Nicholas knew enough about the law to know that he needed to be proved guilty beyond reasonable doubt. It was a long shot, but if a priest could testify and be convincing enough to a judge – even one who was perhaps less than impartial – he still had a chance.

Footsteps interrupted his thoughts. Three or four sets. He held his breath as they approached his cell. They stopped outside and once again, he heard the keys jingling, searching for the lock.

He had played out the scenario every night since the first incident and knew what he needed to do. With quivering hands, he reached for the loose slat carefully positioned near the top of his bed within easy reach. All the while, he wished fervently that this was just another sick prank on the part of the guards.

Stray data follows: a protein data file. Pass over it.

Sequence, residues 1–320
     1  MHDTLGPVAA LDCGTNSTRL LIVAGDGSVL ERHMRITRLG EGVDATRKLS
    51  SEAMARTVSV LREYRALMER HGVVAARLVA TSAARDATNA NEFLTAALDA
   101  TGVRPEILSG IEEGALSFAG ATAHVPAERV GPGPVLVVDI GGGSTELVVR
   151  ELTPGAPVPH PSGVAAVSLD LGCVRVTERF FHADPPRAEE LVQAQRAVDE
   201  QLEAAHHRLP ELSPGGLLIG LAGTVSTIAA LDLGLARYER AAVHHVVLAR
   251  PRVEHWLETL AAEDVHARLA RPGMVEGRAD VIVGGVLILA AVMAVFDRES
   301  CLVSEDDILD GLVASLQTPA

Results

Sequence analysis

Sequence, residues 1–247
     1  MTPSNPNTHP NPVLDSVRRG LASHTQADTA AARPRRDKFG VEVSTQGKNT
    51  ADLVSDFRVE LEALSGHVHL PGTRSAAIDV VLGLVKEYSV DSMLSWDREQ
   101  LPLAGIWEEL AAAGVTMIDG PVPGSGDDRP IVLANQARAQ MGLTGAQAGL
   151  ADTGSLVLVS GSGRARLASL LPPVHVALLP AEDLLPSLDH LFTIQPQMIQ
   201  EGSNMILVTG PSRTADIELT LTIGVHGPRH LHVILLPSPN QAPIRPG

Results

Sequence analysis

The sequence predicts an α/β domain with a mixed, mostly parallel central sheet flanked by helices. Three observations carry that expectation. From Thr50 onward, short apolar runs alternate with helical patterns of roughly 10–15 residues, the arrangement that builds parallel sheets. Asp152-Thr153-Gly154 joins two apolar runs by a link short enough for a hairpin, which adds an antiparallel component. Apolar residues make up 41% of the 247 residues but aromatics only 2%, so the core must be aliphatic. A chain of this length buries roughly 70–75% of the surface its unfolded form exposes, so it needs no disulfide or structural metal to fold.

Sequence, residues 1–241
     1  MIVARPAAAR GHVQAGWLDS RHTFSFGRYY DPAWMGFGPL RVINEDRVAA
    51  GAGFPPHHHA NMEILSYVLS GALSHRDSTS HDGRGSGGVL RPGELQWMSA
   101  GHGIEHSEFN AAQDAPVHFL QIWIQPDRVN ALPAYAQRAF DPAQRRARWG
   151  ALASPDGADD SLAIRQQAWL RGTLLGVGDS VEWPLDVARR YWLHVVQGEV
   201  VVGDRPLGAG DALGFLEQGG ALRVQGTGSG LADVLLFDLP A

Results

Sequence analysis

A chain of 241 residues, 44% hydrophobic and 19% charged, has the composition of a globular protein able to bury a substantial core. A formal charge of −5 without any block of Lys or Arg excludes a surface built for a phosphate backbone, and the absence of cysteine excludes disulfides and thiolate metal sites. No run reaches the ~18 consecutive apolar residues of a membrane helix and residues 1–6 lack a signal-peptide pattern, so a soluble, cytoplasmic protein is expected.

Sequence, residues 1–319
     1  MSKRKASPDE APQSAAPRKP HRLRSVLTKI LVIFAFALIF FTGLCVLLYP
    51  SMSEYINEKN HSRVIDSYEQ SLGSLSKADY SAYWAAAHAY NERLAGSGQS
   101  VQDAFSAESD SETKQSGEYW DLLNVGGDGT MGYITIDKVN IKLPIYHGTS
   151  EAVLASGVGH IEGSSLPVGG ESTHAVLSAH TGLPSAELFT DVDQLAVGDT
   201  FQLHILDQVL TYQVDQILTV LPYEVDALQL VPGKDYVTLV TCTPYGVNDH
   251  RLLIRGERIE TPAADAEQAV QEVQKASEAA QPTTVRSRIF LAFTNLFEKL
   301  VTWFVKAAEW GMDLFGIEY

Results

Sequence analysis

The slat had been easily concealed. It had, in fact, been a handle from a broken broom. Nicholas had been told to get rid of the item and had quietly slipped the handle down his collar and the upper part of his right leg. One became inventive in prison. It had taken several nights of scraping, but he had managed to sharpen the broken end to a point and kept it hidden under his mattress.

“Kom ryk seun, come rich boy. It’s time to work for your money.” Constable van Rensburg. Nicholas recognised the guard’s voice. The man had tormented him from the moment he’d arrived.

Several chuckles echoed in the darkness. Some were the voices of guards, but others were of a more sinister timbre that bore the mark of prison inmates.

The keys rattled in the lock once more. Nicholas closed his eyes tightly. Then he heard the click. This was no joke, he realised. This time he faced the real thing.

 ~~~~~~~~~~~~End of Excerpt~~~~~~~~~~~~

To Fear the Dawn has a good ranking on Amazon: 

Amazon Best Sellers Rank: #18,625 Paid in Kindle Store (See Top 100 Paid in Kindle Store)

And some very positive and encouraging reviews. Here is just a sample:

To read more go here: To Fear the Dawn Reviews













on January 26, 2017